Ultrasound emitters are all around us. Sensors in energy-efficient buildings, rodent repelling devices, burglar alarms, security cameras, HVAC system vibrations are some of the areas ultrasonic is used. Also, it might have been used, according to a University of Michigan scientist, in the sonic attacks in Cuba that sickened dozens of American and Canadians.
Kevin Fu, an associate professor of computer science and engineering, and a U of M team showed how ultrasonic signals—outside the range of human hearing—can combine to produce audible and potentially dangerous tones like the undulating, high-pitched chirping that the diplomats described. Fu and his team purport that ultrasound was used as part of plan to eavesdrop on American and Canadian diplomats in Havana, Cuba last week.
Beginning in December 2016, at least two dozen U.S. and Canadian personnel in the nations’ Havana embassies suffered nausea, ear pain, hearing loss, nosebleeds, vertigo and even trouble walking, according to news reports. A recent JAMA report described the injuries as “mild traumatic brain injury” and “a concussion without a concussion.”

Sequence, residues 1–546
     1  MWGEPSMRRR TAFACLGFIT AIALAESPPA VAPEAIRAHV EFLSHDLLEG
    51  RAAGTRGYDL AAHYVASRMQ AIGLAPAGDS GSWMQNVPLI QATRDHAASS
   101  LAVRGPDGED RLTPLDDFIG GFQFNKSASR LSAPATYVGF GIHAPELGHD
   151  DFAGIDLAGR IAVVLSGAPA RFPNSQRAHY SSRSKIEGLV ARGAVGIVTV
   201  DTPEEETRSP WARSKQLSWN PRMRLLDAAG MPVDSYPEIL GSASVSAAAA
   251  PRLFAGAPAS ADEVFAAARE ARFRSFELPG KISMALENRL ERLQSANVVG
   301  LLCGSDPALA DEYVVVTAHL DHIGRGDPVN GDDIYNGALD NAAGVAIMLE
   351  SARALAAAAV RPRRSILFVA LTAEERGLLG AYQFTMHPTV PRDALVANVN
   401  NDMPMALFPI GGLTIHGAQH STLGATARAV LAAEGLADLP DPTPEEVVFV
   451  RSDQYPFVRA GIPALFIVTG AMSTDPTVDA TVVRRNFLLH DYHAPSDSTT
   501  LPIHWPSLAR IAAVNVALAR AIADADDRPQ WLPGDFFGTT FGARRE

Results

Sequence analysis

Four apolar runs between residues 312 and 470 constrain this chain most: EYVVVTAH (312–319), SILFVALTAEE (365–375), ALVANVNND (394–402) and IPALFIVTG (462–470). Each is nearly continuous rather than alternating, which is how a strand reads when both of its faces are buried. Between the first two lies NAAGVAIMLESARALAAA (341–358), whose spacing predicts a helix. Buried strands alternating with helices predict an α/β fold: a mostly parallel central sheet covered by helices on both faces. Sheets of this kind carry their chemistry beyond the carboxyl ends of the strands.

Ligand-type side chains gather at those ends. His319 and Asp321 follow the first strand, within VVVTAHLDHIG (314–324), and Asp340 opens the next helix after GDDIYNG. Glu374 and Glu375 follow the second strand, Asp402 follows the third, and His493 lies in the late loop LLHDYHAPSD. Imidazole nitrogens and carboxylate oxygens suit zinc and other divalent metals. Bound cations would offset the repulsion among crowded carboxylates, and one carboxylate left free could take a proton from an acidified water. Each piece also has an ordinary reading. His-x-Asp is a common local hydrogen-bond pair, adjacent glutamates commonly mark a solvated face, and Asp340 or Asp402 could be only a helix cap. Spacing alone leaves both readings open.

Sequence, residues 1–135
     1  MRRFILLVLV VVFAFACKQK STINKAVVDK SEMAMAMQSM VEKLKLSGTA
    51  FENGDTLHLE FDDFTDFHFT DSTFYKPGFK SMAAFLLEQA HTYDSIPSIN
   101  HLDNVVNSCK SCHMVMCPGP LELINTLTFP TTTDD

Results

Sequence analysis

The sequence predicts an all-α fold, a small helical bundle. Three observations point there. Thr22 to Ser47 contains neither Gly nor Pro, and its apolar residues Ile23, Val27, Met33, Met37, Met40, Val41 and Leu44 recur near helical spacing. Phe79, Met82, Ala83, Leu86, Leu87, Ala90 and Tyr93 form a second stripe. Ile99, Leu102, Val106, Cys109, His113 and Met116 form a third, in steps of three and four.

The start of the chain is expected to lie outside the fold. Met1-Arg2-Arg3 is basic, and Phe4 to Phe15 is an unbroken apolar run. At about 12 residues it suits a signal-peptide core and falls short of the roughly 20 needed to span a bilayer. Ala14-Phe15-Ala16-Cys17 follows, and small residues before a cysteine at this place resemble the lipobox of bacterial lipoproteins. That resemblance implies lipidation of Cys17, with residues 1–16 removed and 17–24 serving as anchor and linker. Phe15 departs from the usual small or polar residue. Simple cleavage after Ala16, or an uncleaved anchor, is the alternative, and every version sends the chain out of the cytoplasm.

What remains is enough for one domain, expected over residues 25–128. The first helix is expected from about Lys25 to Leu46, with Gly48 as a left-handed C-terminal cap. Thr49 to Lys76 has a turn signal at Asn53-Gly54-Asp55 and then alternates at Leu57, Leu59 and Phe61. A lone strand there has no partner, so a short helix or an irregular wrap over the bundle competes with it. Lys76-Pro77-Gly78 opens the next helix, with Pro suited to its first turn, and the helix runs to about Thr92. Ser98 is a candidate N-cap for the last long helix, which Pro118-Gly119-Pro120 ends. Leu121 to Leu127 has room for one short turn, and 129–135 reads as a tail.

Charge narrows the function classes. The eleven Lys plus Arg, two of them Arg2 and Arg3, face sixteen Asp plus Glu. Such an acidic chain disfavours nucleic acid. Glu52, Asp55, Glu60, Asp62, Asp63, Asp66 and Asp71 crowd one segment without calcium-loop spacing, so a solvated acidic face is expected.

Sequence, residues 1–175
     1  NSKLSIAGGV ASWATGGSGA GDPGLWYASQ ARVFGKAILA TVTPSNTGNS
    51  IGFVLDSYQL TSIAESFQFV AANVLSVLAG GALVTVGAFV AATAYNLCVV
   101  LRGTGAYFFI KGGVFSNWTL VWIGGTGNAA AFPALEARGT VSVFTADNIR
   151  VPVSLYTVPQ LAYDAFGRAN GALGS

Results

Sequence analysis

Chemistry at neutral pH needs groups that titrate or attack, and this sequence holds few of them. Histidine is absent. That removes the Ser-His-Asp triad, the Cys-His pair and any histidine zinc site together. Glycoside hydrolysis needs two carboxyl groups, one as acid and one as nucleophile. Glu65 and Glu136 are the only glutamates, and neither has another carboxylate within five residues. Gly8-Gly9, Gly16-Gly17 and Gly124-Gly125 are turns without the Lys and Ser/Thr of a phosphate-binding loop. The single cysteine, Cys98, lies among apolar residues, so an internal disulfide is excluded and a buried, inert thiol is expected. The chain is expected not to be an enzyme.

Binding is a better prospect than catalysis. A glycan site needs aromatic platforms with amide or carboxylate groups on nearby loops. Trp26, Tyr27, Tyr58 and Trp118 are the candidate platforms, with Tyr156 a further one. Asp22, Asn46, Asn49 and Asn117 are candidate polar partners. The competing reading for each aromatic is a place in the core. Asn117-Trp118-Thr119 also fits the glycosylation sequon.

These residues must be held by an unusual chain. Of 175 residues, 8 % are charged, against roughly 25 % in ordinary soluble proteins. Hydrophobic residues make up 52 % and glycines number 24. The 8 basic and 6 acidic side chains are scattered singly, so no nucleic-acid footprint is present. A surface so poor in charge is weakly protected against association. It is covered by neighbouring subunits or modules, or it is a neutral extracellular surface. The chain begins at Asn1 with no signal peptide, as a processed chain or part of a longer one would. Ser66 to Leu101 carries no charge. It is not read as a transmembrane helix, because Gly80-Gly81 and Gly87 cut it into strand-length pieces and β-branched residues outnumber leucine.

Ultrasonic sounds have not been known to harm humans except with exceptionally extreme intensity. It has even been used in some commercially available consumer audio products. Ultrasound, however, when not properly designed can produce audible byproducts capable of harm. When ultrasonic signals containing multiple tones interfere with each other through a phenomenon called intermodulation distortion, audible sound can result. Intermodulation distortion can down-convert the frequency of ultrasound into the audible range—resulting in high-pitched noises
Fu and his colleagues noticed in the acoustic spectral plots in a AP news video suggested that intermodulation distortion might be at work in the sonic attack in Cuba. Intermodulation distortion is a relatively common occurrence in audio devices, including hearing aids. They set out to simulate the phenomenon between multiple ultrasonic signals. Using ultrasound, they generated similar “metallic chirping sounds” at 7 kHz with ripples spaced evenly at 180 Hz, mimicking the arrangement in the AP video.
Fu and his research team generated ultrasound using two ultrasonic emitters—a 25 kHz tone combined with a 180 Hz tone modulated on a 32 kHz carrier. The method works like AM radio, but the researchers used ultrasound instead of radio waves. You can think of 32 kHz as the AM station’s frequency. When the 25 kHz tone interferes with the transmission, audible sound at 7 kHz results. The researchers also built a proof of concept device to simulate covert eavesdropping by playing a song instead of the 180 Hz tone over the 32 kHz ultrasonic carrier.
You can see and (maybe) hear their device here: